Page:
Eaves & Eysenck (1974) completed the first large scale twin study of social attitudes, and reported heritabilities of .65 and .54 for measures of radicalism and tough-mindedness. Scarr & Weinberg (1981) included a measure of authoritarianism in an adoption study on the expectation that it would show little heritability and a large shared environmental influence. Contrary to expectation, the measure of authoritarianism was substantially heritable, an effect the investigators attributed to the association of authoritarianism with verbal ability and personality. Others have also reported significant heritabilities for personality measures based on the authoritarianism construct (Horn et al 1976, Tellegen et al 1988). In a large twin study, Martin and associates (1986) reported a substantial average MZT correlation (.63) and a somewhat smaller average DZT correlation (.44) for the Wilson-Patterson Conservatism scale, which when modeled along with a rather large assortative mating coefficient (.68) yielded a heritability estimate of .62.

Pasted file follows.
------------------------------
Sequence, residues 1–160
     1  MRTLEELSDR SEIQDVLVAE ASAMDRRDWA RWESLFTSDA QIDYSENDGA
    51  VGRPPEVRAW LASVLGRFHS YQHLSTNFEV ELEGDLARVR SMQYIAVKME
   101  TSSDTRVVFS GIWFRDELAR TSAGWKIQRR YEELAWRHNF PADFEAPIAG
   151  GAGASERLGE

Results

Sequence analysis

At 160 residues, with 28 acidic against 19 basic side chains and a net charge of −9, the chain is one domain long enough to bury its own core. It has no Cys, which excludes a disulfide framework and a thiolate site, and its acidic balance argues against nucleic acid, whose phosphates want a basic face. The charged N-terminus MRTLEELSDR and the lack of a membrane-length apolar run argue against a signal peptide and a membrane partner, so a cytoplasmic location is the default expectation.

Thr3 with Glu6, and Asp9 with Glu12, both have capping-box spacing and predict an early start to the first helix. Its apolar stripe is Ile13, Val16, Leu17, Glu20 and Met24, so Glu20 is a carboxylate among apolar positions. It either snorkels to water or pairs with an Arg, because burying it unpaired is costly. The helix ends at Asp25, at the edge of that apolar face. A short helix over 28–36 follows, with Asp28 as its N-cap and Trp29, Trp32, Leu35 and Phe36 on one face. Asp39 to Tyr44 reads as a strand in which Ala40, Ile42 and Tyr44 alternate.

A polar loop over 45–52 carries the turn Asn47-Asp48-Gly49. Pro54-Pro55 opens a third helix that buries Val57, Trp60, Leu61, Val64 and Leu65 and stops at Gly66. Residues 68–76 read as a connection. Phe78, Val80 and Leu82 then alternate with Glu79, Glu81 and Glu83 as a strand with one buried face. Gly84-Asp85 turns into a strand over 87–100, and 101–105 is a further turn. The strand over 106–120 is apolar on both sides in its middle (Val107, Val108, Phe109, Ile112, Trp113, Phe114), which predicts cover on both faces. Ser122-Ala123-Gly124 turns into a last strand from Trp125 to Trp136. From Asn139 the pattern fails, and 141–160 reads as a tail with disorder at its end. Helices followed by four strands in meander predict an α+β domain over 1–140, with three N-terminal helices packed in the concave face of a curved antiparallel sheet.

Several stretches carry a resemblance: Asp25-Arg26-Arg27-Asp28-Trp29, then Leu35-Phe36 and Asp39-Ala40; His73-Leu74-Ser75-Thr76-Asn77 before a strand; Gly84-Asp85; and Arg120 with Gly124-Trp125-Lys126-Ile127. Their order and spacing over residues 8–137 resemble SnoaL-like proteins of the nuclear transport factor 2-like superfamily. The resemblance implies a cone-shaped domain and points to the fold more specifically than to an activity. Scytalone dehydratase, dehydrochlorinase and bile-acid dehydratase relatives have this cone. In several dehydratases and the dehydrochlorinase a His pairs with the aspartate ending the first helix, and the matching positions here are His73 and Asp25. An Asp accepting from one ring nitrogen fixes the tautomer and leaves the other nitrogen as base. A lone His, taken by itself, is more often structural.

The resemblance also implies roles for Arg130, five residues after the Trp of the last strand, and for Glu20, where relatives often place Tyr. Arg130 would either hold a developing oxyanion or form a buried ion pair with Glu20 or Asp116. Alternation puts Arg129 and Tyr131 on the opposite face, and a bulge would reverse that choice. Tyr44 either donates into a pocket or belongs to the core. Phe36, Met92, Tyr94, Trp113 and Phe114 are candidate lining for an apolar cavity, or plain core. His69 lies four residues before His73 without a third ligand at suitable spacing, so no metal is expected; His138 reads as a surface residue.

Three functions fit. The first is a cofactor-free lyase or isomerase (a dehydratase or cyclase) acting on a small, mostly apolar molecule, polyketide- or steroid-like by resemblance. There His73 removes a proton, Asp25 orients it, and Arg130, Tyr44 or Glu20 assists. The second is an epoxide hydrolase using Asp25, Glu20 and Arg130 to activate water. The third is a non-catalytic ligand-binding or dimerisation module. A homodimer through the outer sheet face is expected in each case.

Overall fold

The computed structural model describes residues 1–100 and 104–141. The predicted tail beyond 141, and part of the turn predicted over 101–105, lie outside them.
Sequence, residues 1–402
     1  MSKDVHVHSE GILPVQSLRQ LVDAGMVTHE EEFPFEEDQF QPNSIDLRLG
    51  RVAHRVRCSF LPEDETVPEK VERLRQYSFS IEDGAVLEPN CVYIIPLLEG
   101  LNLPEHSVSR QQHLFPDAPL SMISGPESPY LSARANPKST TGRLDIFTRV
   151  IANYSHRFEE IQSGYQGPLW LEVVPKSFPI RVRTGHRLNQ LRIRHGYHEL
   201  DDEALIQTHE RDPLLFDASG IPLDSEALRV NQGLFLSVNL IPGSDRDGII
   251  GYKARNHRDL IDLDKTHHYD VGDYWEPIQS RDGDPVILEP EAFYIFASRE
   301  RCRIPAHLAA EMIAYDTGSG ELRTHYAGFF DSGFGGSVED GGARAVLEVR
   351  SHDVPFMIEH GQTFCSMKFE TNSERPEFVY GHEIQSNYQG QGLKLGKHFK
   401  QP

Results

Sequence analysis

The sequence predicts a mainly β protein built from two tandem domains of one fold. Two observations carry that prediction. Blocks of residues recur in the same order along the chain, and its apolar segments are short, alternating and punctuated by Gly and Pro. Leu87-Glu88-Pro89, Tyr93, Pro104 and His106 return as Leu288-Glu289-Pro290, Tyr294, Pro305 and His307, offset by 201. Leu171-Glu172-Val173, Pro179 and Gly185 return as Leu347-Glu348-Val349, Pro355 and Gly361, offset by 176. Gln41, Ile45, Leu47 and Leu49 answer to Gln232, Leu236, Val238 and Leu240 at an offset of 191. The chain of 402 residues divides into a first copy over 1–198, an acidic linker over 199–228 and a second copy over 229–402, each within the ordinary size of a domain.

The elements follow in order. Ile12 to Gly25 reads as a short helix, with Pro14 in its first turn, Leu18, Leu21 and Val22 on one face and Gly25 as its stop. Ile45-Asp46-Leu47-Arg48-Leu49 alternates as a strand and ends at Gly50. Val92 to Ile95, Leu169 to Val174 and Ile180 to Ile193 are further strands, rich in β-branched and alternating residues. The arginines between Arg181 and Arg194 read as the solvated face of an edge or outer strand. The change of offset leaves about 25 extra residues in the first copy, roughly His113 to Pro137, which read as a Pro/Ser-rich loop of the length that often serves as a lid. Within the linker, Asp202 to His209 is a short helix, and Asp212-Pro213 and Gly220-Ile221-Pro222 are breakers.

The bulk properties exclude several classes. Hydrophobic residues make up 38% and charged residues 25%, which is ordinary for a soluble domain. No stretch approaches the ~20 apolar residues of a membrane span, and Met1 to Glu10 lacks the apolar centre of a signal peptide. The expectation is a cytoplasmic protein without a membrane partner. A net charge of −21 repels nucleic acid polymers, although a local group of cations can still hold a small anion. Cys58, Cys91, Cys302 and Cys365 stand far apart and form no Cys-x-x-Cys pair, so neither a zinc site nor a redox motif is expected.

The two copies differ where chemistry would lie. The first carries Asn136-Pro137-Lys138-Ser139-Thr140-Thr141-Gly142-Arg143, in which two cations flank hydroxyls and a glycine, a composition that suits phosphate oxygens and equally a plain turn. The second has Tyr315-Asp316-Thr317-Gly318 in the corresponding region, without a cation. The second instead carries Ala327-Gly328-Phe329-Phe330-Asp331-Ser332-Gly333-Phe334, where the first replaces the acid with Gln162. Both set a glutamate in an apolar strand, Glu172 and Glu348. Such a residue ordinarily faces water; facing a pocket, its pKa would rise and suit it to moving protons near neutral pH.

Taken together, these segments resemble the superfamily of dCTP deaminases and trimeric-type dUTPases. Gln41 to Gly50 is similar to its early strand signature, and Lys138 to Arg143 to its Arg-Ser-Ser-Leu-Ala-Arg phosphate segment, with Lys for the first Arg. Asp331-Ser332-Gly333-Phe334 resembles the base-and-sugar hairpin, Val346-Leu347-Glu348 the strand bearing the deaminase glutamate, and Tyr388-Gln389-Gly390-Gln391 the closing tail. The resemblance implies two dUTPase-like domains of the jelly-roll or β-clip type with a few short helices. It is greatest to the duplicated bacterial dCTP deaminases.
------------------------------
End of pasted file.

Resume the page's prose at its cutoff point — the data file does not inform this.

Genetic influences on measures of religious interests, attitudes, and values have also been explored. Using data on reared together and reared apart adult twins, Waller and associates (1990) reported a heritability estimate of .59 for religious leisure time interests and .41 for religious occupational interests; in both cases shared environmental influences were not statistically significant from zero. In a related domain, a number of studies have reported modest heritabilities for job satisfaction (approximately .35; Arvey et al 1994) and work values (approximately .25; Arvey et al 1994, Keller et al 1992).